On cold winter days, antifreeze is crucial to keeping your car running, but that innocuous-looking liquid can be deadly.
Don't expect its sweet taste to give that away.
In 2008, 241 Georgians were poisoned by antifreeze, said state Rep. Tommy Benton (R-Jefferson), who has proposed legislation to require that a bitter-tasting chemical -- denatonium benzoate -- be added to antifreeze sold in the state beginning in 2011.
The Georgia House this week quickly approved Benton’s proposal 142-25, sending House Bill 219 to the Senate. Ten states have passed similar laws.
A former teacher, Benton said he was moved to propose the legislation by a student, whose dogs had been poisoned, and by the case of Lynn Turner, who is serving two life sentences for using antifreeze to kill her Cobb County police officer husband and, several years later, her boyfriend, a Forsyth County firefighter.
By some estimates, 10,000 to 90,000 animals across the nation are poisoned annually by the substance.
“When personal safety is involved, you have to ask manufacturers to do things they have not done in the past,” Benton said. “All a child has to do is roll a toy through some radiator boil-over and get antifreeze in their mouth, and you have a tragedy in the making.”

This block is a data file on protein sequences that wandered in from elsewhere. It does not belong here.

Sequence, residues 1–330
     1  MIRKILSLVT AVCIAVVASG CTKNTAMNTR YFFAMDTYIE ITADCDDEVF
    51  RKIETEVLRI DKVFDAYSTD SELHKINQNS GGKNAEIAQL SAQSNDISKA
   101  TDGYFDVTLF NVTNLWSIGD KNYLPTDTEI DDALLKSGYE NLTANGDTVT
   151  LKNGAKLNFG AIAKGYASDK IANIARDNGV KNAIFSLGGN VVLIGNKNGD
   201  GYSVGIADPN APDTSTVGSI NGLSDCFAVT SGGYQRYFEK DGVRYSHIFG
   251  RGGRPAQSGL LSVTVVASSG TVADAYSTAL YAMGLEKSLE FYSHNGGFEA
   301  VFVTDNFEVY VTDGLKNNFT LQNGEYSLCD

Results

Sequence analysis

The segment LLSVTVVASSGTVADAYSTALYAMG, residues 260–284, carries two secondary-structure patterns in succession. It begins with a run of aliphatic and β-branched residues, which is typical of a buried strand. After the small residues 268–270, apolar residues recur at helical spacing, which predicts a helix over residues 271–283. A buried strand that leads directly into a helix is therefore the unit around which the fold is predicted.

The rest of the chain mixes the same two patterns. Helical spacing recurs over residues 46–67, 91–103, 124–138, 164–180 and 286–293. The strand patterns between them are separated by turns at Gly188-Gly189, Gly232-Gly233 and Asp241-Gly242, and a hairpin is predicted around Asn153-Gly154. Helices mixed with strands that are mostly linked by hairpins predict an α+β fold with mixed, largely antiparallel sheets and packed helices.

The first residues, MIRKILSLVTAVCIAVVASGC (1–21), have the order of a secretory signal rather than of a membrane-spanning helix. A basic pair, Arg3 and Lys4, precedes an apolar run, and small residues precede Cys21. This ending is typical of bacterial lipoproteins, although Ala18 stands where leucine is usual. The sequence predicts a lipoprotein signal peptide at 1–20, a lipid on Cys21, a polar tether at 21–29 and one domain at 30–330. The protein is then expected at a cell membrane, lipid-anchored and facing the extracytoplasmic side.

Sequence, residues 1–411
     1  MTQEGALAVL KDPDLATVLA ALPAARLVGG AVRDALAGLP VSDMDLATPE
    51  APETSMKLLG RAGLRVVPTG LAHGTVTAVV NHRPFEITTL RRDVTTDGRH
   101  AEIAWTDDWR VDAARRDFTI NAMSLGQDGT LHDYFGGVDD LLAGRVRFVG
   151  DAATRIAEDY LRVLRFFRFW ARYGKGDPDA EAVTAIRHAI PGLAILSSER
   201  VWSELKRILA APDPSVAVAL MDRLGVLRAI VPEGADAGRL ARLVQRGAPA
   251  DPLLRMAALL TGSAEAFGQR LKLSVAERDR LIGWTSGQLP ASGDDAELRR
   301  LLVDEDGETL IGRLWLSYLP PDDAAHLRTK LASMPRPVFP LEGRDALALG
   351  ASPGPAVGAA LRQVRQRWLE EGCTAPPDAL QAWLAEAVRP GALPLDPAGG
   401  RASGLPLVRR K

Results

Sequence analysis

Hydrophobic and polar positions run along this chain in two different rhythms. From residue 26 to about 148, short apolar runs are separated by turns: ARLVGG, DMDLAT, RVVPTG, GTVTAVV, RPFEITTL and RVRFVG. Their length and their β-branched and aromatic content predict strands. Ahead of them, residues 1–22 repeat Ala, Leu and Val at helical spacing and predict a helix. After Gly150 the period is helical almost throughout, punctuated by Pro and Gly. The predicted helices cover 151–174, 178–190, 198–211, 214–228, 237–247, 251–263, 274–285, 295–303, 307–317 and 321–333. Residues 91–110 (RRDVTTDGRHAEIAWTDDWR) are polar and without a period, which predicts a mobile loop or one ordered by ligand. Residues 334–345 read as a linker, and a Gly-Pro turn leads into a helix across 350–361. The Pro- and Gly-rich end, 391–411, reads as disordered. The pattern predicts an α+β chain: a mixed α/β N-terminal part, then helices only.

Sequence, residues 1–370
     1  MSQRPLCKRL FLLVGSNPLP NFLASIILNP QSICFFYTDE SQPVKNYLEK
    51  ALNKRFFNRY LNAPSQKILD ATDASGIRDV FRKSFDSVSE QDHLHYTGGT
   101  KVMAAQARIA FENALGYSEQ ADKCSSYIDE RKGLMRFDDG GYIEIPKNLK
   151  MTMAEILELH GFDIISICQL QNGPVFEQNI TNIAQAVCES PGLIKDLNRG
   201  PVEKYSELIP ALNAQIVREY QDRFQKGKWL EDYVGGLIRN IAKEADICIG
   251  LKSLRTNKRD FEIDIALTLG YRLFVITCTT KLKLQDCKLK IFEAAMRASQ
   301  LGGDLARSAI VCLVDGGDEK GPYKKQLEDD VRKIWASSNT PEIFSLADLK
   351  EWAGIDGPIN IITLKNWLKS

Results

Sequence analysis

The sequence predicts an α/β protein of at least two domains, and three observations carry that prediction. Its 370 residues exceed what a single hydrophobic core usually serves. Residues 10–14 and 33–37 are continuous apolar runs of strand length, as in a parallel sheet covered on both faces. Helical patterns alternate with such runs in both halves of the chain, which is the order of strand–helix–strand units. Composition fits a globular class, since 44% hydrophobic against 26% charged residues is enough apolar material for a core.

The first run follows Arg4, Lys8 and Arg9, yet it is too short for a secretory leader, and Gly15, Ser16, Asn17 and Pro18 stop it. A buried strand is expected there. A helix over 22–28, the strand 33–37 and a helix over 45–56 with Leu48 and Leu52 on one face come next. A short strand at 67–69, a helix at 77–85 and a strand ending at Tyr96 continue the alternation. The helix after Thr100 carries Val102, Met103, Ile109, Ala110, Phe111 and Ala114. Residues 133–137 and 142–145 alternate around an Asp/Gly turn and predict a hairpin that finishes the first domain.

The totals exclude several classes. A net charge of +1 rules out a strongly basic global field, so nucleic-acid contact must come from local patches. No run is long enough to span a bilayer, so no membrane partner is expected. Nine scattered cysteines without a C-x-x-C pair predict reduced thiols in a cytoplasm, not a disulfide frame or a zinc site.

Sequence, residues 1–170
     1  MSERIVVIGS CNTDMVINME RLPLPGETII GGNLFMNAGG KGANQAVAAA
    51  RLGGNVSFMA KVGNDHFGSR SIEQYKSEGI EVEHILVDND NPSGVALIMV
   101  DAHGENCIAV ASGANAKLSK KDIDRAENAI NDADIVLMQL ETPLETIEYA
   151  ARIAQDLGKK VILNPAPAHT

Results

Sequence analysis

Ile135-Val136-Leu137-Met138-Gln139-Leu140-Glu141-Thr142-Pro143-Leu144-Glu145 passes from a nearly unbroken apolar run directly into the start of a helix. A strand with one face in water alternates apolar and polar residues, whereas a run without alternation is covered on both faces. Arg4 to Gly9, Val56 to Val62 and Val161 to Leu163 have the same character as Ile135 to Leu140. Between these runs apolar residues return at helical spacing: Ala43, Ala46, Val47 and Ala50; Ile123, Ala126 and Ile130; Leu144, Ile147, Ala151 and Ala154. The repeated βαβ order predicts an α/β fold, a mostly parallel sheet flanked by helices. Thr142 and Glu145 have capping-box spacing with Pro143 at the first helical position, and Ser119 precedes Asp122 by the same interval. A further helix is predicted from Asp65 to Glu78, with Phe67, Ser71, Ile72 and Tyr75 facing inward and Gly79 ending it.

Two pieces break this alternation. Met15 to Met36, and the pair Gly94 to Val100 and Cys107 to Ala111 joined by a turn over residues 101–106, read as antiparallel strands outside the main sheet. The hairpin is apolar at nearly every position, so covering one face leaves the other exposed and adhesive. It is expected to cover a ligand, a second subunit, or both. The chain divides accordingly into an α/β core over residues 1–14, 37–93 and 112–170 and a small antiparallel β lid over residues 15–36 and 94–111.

Benton said adding small amounts of the chemical denatonium benzoate would deter children, pets and wildlife from consuming antifreeze by making it repulsively bitter. The additive, he said, would add about 3 cents a gallon to the cost of the coolant.
Antifreeze contains ethylene glycol, a chemical with a sweet smell and taste, which is attractive to children, pets and wildlife. Drinking ethylene glycol will result in depression followed by heart and breathing difficulty, kidney failure, brain damage and even death.
Benton had bipartisan support for the measure in the House, and it is backed by several pediatric and animal-protection groups.
Some lawmakers, however, argue the state has no business restricting products that simply have the “potential” to harm.
“That should be a market decision,” said state Rep. Bobby Franklin (R-Marietta), who voted against the bill. “It’s not a proper use of the state’s power.”
Virginia, New Jersey, New York, California, Tennessee, Maine, New Mexico, Vermont, Washington and Oregon have passed laws requiring bad-tasting substances to be added to antifreeze.
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